Author, journalist and artist Shubnum Khan grew up in Durban. Despite having worked around the world, from Jaipur to Shanghai, the acclaimed writer and artist still lives in her hometown. Here, she shares her insider guide to Durban for guests staying The Oyster Box Hotel and chats about her upcoming novel.
You’ve travelled and worked all over the world, why is Durban so special to you?
“Durban is usually underrated when compared to its bigger sisters, Cape Town and Johannesburg, yet it has so much to offer. Warm oceans, rolling hills and vegetation so green it takes your breath away. Then there’s the year round sunshine, the diverse mix of cultures and friendly people who take life at its own pace. People here are invested in family and leisure time and I think that makes all the difference to the feel of a place.”
Your debut novel, Onion Tears, centres on Indian Muslim women living in South Africa. How does your life in Durban influence your writing?
“Well, my story focuses on exactly that theme and Durban has one of the largest Indian populations outside of India, so the novel goes into the particular culture of these people; how Indians have taken on a mix of cultures from their language (the characters sometimes speak in a mix of Afrikaans, Urdu and Zulu) to food and dressing. Durban has such an interesting mix of identities, with people finding ways to create new communities with old heritages. I try to capture some of that in the novel.”
Durban recently became the first African city to become a UNESCO City of Literature. What do you think makes it such a great place for writers?
“I think there’s something about a city that’s unabashedly itself, with no pretences that make it an honest and good place to create something. Durban has some of that; it doesn’t pretend to be anything than what it is and I think it’s these places where the best stories emerge. There’s a great pride here as well because many businesspeople and creatives are choosing to stay because they recognise the potential of this city and they can see the landscape is changing. This recognition of UNESCO City of Literature is just one of many processes the city is undergoing where the outside world is beginning to recognise what we have here. I truly believe Durban is a diamond in the rough and we’re just beginning to see what can happen when it’s polished.”
Which writers and artists from Durban do you most admire?
“In terms of street art, SakhileMhlongo and Mook Lion are doing some interesting work in this city, and illustrations by Nikhil Tracum and Sebastien Pillay are the kind of detailed work I love. There are so many local writers I admire including Kobus Moolman, Sifiso Mzobe, Gcina Mhlope and Mariam Akabor.”
How have you seen Durban change over the years?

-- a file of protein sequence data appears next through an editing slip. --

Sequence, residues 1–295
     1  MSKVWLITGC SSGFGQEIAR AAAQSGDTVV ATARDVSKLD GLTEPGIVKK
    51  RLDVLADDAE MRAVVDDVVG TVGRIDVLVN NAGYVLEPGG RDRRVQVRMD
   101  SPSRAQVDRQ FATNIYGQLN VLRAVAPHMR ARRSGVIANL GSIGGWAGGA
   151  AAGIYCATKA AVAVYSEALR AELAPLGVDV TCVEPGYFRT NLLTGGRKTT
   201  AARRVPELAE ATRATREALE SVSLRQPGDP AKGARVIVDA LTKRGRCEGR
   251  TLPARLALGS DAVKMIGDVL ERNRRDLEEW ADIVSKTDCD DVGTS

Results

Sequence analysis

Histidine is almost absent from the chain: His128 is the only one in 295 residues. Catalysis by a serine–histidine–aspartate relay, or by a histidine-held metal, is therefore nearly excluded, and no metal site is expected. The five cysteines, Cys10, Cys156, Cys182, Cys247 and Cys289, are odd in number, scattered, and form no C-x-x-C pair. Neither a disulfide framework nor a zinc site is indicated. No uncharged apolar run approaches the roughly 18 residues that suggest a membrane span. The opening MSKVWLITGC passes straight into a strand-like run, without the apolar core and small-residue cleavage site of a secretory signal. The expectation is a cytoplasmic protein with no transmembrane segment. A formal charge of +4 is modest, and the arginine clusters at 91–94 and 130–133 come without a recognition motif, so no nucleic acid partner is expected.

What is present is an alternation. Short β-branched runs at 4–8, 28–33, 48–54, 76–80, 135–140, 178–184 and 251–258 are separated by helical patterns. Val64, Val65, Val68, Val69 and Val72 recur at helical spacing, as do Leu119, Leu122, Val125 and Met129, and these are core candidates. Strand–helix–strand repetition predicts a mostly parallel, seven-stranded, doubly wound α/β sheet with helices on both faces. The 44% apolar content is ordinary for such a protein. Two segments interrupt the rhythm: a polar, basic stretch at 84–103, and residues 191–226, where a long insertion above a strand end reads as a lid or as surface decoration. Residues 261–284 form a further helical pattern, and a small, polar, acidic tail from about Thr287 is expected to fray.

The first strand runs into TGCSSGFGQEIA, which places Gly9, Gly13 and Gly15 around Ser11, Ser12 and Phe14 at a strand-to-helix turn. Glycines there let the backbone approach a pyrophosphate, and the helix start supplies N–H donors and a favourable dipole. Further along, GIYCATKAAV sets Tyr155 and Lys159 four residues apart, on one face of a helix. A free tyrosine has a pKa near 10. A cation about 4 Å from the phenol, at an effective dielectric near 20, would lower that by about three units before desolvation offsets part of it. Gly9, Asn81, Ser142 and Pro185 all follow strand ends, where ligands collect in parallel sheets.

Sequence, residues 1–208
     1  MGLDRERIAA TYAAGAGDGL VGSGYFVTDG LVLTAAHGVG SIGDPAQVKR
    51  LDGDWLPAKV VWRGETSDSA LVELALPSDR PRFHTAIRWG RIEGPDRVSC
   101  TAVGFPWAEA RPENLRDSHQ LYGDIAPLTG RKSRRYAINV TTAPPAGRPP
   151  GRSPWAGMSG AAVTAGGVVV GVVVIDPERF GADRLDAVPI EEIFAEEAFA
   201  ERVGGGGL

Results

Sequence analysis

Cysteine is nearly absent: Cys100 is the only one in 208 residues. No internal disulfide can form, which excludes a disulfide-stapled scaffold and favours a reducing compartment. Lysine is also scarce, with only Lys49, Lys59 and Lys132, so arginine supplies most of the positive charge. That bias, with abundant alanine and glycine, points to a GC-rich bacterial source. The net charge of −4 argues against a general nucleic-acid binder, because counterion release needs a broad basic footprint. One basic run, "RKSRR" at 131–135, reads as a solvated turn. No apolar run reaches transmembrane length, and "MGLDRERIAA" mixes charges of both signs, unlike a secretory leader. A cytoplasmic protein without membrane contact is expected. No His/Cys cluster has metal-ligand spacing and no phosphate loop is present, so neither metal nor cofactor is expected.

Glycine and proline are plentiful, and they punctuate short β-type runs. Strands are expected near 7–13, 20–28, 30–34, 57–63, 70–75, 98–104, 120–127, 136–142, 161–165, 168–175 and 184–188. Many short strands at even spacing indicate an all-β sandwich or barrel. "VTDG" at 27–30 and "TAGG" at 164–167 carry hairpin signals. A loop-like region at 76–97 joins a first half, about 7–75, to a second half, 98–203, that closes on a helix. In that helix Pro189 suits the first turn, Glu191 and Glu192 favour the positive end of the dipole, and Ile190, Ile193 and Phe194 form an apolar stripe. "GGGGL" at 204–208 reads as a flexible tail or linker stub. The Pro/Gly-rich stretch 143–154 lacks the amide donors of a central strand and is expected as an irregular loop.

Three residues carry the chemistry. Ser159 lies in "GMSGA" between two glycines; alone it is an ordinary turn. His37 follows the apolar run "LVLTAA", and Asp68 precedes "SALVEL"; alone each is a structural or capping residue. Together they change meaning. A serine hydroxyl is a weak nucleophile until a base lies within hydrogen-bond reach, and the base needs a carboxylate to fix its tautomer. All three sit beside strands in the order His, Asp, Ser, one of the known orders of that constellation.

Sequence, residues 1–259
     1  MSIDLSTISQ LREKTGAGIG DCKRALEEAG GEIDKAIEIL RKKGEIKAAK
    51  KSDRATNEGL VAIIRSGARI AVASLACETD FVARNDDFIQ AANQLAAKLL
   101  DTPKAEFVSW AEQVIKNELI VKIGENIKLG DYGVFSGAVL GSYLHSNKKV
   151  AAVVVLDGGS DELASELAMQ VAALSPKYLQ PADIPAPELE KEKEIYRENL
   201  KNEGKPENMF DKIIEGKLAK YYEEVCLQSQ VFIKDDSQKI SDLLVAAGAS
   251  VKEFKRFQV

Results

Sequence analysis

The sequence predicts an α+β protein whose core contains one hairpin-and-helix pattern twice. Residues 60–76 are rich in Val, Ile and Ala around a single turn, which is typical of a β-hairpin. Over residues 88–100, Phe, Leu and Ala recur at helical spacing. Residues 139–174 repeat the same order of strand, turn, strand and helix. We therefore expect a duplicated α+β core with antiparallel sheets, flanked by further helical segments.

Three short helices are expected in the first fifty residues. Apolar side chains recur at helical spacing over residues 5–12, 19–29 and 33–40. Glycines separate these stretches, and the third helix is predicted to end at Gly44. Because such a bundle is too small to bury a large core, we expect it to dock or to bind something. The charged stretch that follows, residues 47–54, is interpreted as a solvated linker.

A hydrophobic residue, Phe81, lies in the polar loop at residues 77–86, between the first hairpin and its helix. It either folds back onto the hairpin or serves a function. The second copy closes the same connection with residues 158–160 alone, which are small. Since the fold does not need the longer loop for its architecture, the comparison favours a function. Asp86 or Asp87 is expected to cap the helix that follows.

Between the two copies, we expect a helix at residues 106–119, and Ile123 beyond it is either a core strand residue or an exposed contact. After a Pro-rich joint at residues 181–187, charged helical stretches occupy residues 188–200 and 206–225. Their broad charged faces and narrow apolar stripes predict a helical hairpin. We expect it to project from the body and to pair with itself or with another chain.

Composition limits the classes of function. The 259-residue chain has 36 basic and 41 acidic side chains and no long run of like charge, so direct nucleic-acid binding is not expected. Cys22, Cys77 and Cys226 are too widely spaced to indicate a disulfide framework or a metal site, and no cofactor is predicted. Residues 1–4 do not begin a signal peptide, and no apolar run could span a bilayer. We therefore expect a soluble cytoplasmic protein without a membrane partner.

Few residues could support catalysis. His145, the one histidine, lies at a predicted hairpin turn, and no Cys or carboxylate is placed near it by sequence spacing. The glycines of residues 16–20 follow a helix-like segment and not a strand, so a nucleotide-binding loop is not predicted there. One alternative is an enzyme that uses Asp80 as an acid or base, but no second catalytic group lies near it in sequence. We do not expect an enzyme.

“Durban has changed so much over the years! Especially since the World Cup in 2010. Our beach promenade is more built up now and people really utilise the space, cycling, skating and jogging usually at sunrise and sunset. Besides our literary festivals like Poetry Africa and Time of the Writer, there are more creative spaces now like Rivertown and Station Precinct, a host of new local designners and artists and a number of popular craft and night markets. You can feel Durban is on the cusp of some big change and it’s a very interesting place to be at the moment.”
How would you spend your ideal day in Durban?
“Honestly my ideal day is just eating as much as I can and walking along the beach! Ideally in the morning, I would watch the sunrise at North beach, then I’d head to Antiques Cafe for a wholesome breakfast in their delightful garden. I’d make a stop at Phansi Museum, a quaint little museum that runs exhibitions and houses a magnificent Southern African art collection. Then, I’ll visit Glenwood Bakery next door for the best bread in town and head to Smokin’ Joes for a great chicken burger and milkshake. Later, I’ll head to Umhlanga for a walk on the promenade and enjoy high tea at The Oyster Box with some friends. Being a Durbanite, I’d probably end the evening with supper at home with my parents and an early night in.”
Are there any local specialities that we must try?
“We do have specialities like pineapple and masala on a stick and the infamous bunny chow, but I’m really just going to say you should try a Pakistani chicken tikka at MY Diners on the beachfront, because I’ve never really had a tikka like it (even in Pakistan!)”
Which restaurants do we need to visit to get a real feel for the city?
What’s your top tip for first-time visitors to Durban?
“Just go where the road takes you; we have amazing scenery up the north and south coasts with rolling green hills and hidden beaches. Pack a picnic basket and a pair of flip-flops and just go with the flow. It’s the Durban way.”
Finally, any clues as to what your next book will be about?
“It’s a bit different from my first novel. This story is set in an abandoned mansion along the beach in Durban. A young girl moves in and meets an array of eccentric characters who tell her their stories and through them she discovers not only what happened in this mansion almost a century ago but also what happens to things that were once loved and are then forgotten.”
Explore Durban’s fantastic creative scene from the comfort of The Oyster Box Hotel.